# Thread: Finding limit of function using series expansion

1. ## Finding limit of function using series expansion

Hi,

I'm trying to prove the following limit

$\sqrt{x(x+1)}-x = \frac{1}{2}$ as x approaches infinity.

I'm getting stuck on the expansion of
$x\sqrt{1+1/x}$
I know that it's supposed to be
$x(1+\frac{1}{2x}-\frac{1}{8x^2} +.....)$
but I can't work out the series.
Can anyone help?

2. Originally Posted by thepopasmurf
Hi,

I'm trying to prove the following limit

$\sqrt{x(x+1)}-x = \frac{1}{2}$ as x approaches infinity.

I'm getting stuck on the expansion of
$x\sqrt{1+1/x}$
I know that it's supposed to be
$x(1+\frac{1}{2x}-\frac{1}{8x^2} +.....)$
but I can't work out the series.
Can anyone help?
You don't need a series expansion, but an asymptotic expansion : $\sqrt{1+u}=1+\frac 12 u+o(u)$ when $u\to 0$. Then, substituting, $\sqrt{x(x+1)}-x=x(\sqrt{1+\frac{1}{x}}-1)=x(1+\frac{1}{2x}+o(\frac{1}{x})-1)=\frac{1}{2}+o(1)$, which means that the limit is $\frac{1}{2}$.

3. Oh I see. Thanks. But why does it not work when I try to evaluate the expansion directly?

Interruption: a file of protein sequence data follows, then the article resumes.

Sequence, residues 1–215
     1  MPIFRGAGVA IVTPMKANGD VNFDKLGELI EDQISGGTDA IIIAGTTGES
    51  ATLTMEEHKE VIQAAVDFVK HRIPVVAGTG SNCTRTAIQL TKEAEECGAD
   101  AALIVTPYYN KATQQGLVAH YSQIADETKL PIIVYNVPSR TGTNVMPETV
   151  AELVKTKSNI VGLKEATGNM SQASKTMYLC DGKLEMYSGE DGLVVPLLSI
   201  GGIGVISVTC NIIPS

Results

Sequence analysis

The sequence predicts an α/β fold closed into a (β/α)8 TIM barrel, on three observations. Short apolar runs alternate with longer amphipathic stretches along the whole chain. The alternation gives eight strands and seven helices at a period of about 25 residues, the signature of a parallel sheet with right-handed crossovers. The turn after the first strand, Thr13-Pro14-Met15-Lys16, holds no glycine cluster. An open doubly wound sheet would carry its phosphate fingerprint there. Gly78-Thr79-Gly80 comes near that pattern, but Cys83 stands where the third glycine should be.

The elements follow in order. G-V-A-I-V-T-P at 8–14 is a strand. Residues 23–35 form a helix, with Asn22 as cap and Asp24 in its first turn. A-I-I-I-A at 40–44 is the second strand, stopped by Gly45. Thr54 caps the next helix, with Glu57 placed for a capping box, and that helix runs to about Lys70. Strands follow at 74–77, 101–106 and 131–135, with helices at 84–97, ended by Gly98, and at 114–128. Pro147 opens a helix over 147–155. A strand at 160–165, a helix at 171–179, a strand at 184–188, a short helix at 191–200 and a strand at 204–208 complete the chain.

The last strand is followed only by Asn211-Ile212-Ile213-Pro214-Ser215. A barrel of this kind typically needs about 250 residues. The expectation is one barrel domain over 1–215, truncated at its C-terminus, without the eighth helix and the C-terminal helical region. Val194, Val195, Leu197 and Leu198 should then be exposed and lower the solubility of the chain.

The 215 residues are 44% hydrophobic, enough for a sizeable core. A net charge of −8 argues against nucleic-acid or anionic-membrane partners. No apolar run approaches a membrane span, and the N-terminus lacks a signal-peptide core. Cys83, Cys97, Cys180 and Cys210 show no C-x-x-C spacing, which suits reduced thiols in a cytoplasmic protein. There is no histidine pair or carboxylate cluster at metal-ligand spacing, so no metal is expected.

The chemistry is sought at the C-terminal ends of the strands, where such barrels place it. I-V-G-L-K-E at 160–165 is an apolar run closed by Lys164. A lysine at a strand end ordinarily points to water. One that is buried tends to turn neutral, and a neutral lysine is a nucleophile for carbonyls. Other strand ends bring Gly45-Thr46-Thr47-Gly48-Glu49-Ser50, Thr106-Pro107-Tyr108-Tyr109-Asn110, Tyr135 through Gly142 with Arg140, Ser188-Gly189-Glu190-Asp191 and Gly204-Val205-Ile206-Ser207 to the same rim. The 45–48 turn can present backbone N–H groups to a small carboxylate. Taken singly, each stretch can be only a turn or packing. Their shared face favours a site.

4. Originally Posted by thepopasmurf
Oh I see. Thanks. But why does it not work when I try to evaluate the expansion directly?
You mean write the series expansion, for $x>1$, $\sqrt{x^2+x}-x=x\left(\sqrt{1+\frac{1}{x}}-1\right)$ $=x\left(1+\frac{1}{2x}+\sum_{k=2}^\infty a_k\frac{1}{x^k} -1\right)= \frac{1}{2}+\sum_{k=2}^\infty \frac{a_k}{x^{k-1}}$ where $a_k=\frac{\frac{1}{2}(\frac{1}{2}-1)\cdots (\frac{1}{2}-k+1)}{k!}$? Then you have to justify that the last series converges to 0 when $x\to+\infty$. There are ways to do that (this is an alternate series so we can get a uniform bound for the remainder of the series by Leibniz theorem), but it is not trivial, and first of all the asymptotic expansion is so much more appropriate (it is dedicated to computation of limits).